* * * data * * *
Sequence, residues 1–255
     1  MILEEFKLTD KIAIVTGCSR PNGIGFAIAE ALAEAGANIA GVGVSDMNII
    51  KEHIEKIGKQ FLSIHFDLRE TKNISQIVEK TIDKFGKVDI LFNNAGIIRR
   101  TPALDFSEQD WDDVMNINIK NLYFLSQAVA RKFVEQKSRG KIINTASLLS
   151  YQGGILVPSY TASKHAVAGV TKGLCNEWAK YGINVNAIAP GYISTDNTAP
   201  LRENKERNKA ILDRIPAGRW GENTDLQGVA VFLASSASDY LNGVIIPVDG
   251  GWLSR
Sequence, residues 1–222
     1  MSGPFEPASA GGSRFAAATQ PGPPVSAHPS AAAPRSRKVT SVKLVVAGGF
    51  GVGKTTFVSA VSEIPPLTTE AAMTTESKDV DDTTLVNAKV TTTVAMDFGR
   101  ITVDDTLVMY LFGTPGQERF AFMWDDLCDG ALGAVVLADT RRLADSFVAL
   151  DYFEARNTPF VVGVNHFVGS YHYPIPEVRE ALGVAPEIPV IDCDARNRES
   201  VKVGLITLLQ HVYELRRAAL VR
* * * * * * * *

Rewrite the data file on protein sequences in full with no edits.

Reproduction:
Sequence, residues 1–255
     1  MILEEFKLTD KIAIVTGCSR PNGIGFAIAE ALAEAGANIA GVGVSDMNII
    51  KEHIEKIGKQ FLSIHFDLRE TKNISQIVEK TIDKFGKVDI LFNNAGIIRR
   101  TPALDFSEQD WDDVMNINIK NLYFLSQAVA RKFVEQKSRG KIINTASLLS
   151  YQGGILVPSY TASKHAVAGV TKGLCNEWAK YGINVNAIAP GYISTDNTAP
   201  LRENKERNKA ILDRIPAGRW GENTDLQGVA VFLASSASDY LNGVIIPVDG
   251  GWLSR
Sequence, residues 1–222
     1  MSGPFEPASA GGSRFAAATQ PGPPVSAHPS AAAPRSRKVT SVKLVVAGGF
    51  GVGKTTFVSA VSEIPPLTTE AAMTTESKDV DDTTLVNAKV TTTVAMDFGR
   101  ITVDDTLVMY LFGTPGQERF AFMWDDLCDG ALGAVVLADT RRLADSFVAL
   151  DYFEARNTPF VVGVNHFVGS YHYPIPEVRE ALGVAPEIPV IDCDARNRES
   201  VKVGLITLLQ HVYELRRAAL VR